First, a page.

As much as I love being a baking maven and batting my eyes coquettishly when someone asks me how my treats come out so delicious (okay, I don't do that, but I really wanted to use the word "coquettishly"), I feel it is my duty as a cruelty-free baker to share my knowledge and expertise beyond the simple exchange of recipes. There's more to creating tasty tasty wonderment than just following a list of ingredients and steps. Baking is a science, yes, but more importantly it's a craft.
And so, dear reader, I have decided to share the most vital secrets of my baking success in the hope that you, too, will fill your home with the tantalizing smells, lively textures, and scintillating flavors of vegan baking bliss.
In order to bake well in the Sylvan School of Culinary Awesomeness, you must observe the proper rituals. Apparel and accouterments are of utmost importance. Your baking garb should include:
1 - A bandana, which you will wear around your hair, preferably printed with skulls, which you wear ironically. Ponytails are adequate, but a bandana will keep both hair and sweat off your face so you don't accidentally wipe your forehead with a handful of cookie dough. In the absence of skulls a heart-print bandana may be substituted, but it, too, must be worn with suitable irony.
2 - A beat up top that shows off any tattoos you may have.
3 - Pants. Please do not bake naked. A 400 degree metal oven rack to the thigh is no one's friend. At the very least invest in a long apron, which is cute and can lead to naughty kitchen shenanigans if you're into that sort of thing. (In case of shenanigans, do not leave anything boiling on the stove.)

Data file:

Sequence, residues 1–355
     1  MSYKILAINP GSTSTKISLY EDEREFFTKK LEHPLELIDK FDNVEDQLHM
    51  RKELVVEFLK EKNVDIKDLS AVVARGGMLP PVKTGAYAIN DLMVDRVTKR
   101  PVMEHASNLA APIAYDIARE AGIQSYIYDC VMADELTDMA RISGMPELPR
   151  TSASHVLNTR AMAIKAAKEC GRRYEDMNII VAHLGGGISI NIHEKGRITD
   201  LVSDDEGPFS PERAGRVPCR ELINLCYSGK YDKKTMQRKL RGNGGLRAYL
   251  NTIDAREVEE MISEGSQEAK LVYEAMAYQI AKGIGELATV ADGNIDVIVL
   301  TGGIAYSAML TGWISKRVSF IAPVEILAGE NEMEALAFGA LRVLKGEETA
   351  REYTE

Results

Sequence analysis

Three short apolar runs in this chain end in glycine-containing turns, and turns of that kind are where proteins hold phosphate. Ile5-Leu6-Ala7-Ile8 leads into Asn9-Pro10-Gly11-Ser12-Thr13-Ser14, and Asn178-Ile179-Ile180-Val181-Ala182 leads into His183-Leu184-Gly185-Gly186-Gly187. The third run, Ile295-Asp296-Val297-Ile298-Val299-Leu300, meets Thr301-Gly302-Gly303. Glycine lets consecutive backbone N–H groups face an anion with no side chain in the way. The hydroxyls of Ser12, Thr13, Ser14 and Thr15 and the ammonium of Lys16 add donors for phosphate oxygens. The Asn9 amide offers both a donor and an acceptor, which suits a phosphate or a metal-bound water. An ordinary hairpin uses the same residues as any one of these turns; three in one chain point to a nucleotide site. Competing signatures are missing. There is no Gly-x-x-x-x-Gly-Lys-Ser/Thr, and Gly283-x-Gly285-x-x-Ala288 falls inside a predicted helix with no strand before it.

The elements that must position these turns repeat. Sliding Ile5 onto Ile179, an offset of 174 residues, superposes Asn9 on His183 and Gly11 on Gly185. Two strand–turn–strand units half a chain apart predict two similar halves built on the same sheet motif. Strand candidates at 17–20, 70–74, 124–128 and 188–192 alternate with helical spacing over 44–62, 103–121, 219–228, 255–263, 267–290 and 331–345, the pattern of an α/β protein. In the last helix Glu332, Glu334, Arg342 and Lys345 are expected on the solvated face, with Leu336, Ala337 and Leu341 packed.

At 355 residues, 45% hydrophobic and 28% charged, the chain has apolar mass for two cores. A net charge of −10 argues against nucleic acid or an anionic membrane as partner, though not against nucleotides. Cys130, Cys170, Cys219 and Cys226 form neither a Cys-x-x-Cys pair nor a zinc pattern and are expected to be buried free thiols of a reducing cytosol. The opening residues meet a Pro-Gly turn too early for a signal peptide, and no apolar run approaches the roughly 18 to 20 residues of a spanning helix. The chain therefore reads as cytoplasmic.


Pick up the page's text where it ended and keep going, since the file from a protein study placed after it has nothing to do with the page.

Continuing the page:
4 - A clean dish towel, tucked into the waistband of your pants for wiping up spills and drying off wet things. You can try wearing it slung over your shoulder like they do in cheffing school, but it's just going to fall off and annoy you. For extra credit, stick an oven mitt in your pocket for easy access. If you use it to wipe up something off the floor, leave it there, please, and get a clean one.
5 - Remove jewelry from hands and wrists. Not only is cake batter hard to get out of the nooks and crannies of a pentacle, nobody wants to bite down on your Pagan bling in the middle of a cupcake. This is also why it's best to bake without fake fingernails.
Ritual paraphernalia in addition to the standard cooking equipment:
1- A huge glass of ice water, as baking is thirsty work. Be sure to refill it frequently, and take breaks often during a baking marathon. The heat and activity can be draining, especially if you tend to taste and nibble all those sugary treats as you work.
2- A squirt bottle of room-temperature water with which you will attempt to keep the cats off the counter.
3 - Suitable ritual music. Suggestions: P!nk, Joan Jett, Brandi Carlile, the Gipsy Kings, or possibly a mix of gloriously awful 80s pop. Above all, don't bake while listening to sad music. Baking is magic, and like all magic, your thoughts and emotions influence the outcome. The atmosphere you bake in should reflect how you hope people will feel eating your treats: try to foster happiness, love, and fellowship. The idea is to encourage, not to force, but offering food to those you love is a form of love, so save the emo tunes for a rainy day.